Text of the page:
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Accountability, Anyone?


(H/T to Wonkette for the photo.  Classic stuff.)

Tell me the one about George Bush being the Decider again, because I think it's about time someone started asking lots of questions about the end results of his deciderating:

Somalia may be the place that best illustrates a trend sweeping across the African continent: After Sept. 11, 2001, the United States concluded that anarchy and misery aid terrorism, and so it tried to re-engage Africa. But anti-American sentiment on the continent has only grown, and become increasingly nasty. And the United States seems unable to do much about it.

A number of experts on Africa trace those developments to a sense not of American power, but of its decline — a perception that the United States is no longer the only power that counts, that it is too bogged down in the Middle East to be a real threat here, and so it can be ignored or defied with impunity….

"The actual ability of the U.S. to influence circumstances on the ground in Africa has declined dramatically," said Michael Clough, a former director of the Africa program at the Council on Foreign Relations. "But the symbolic significance of the United States is still there. So we become the perfect target."

For proof, please see Sudan, Congo, Eritrea, northern Nigeria to a lesser extent, and even South Africa….

"We learned that we don't need the Americans anymore," said Lam Akol, Sudan's foreign minister. "We found other avenues."

Another reason is Iraq. The ceaselessness of Baghdad's bloodshed has greatly undermined the United States' credibility, fanned anti-American feelings in Muslim regions like the Horn of Africa, and drained resources that might otherwise have been available to address other problems.

"There is significant blowback coming from our catastrophic decisions in Iraq that is affecting our ability to do anything about Sudan or Somalia," Mr. Morrison said….

Nothing like conducting our foreign policy based on a view of the world as George Bush wants it to be, and not how it actually is. 

Here's some reality for you, George:  under your watch, American influence is steadily declining.  Other nations do not trust you, and so they have found a way to work around you — in Europe, in Africa, in Asia and even in North and South America.  Our military is stretched so thin that Somalia can see through it, despite all the gizmos and gadgets and top-dollar whizbangs, we still need people in uniform to man them…and we're having enough trouble that you are contemplating recruiting outside the US for non-citizen soldiers to fill the depleted ranks.  China is making friends and influencing nations while you are clearing shrubbery on your pig ranch this week and trying to decide what we should do in Iraq — because, you know, having been there more than three years now…it's about damned time.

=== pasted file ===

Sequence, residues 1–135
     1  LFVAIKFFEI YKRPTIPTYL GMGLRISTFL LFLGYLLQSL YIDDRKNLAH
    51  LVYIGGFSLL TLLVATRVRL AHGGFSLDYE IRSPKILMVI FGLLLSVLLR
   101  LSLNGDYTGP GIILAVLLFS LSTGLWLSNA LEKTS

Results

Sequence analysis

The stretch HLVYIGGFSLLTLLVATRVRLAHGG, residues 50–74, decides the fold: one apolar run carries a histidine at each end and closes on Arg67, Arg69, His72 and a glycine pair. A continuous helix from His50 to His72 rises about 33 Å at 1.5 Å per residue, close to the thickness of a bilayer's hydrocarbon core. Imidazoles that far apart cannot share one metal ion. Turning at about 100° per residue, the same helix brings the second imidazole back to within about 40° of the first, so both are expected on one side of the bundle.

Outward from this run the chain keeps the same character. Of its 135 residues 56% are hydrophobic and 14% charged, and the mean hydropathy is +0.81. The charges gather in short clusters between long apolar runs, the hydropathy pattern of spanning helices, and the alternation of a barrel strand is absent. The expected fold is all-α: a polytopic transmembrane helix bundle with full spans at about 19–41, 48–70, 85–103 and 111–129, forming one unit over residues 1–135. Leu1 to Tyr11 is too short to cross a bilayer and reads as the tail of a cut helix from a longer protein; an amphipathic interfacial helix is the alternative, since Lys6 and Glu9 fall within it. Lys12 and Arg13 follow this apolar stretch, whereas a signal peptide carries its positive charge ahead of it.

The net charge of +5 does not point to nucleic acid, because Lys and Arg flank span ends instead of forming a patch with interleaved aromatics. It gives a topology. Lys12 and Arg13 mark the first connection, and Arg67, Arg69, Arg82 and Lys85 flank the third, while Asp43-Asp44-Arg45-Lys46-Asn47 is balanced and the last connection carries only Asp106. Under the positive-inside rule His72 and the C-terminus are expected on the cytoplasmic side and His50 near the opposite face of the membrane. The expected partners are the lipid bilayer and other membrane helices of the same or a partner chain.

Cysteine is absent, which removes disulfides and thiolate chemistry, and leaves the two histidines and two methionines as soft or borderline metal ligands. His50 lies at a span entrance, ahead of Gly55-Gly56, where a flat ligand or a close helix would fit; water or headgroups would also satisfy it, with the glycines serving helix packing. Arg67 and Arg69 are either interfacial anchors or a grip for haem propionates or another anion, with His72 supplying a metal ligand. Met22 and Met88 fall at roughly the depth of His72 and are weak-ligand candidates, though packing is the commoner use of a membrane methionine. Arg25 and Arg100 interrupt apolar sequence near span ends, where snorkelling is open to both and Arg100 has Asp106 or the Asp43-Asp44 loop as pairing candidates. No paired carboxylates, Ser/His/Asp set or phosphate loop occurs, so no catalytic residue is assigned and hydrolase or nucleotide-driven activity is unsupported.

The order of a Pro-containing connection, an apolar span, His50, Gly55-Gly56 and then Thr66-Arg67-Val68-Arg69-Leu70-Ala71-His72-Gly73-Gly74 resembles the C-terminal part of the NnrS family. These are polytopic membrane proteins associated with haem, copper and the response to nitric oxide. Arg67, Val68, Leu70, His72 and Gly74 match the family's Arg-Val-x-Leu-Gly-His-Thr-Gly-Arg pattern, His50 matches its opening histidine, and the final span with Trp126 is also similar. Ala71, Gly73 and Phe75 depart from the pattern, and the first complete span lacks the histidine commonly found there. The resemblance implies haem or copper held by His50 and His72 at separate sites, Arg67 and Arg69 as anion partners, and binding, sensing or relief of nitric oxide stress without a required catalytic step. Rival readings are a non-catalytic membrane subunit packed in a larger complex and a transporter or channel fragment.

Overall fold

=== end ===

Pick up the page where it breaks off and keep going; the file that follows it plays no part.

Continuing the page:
Heckuva job, Bushie.

That coasting you've been able to do with your rubber stamp Republican buddies who didn't provide any Congressional oversight?  It is over.  The American public has decided that that some tough questions need to be asked, and asked, and asked again until they are fully answered by you and your Administration.  And that changes need to be made for the good of us all.

It's called accountability, George.  You might want to look it up in the dictionary before January — because you'll need to do a lot more than just lawyer up and pay some mouth for hire to plant media stories.  Because, come January, you and your Administration have a whole lot of 'splaining to do to Mssrs. Waxman, Leahy, Levin, Conyers and company.  And I, for one, am looking forward to it. 

(Hat tip to eRiposte of The Left Coaster for the link to the Herald Tribune article.  Also, Ian has a bit more on the Somalia/Ethiopia conflict.)

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Christy Hardin Smith

Christy Hardin Smith

Christy is a "recovering" attorney, who earned her undergraduate degree at Smith College, in American Studies and Government, concentrating in American Foreign Policy. She then went on to graduate studies at the University of Pennsylvania in the field of political science and international relations/security studies, before attending law school at the College of Law at West Virginia University, where she was Associate Editor of the Law Review. Christy was a partner in her own firm for several years, where she practiced in a number of areas including criminal defense, child abuse and neglect representation, domestic law, civil litigation, and she was an attorney for a small municipality, before switching hats to become a state prosecutor. Christy has extensive trial experience, and has worked for years both in and out of the court system to improve the lives of at risk children.

Email: reddhedd AT firedoglake DOT com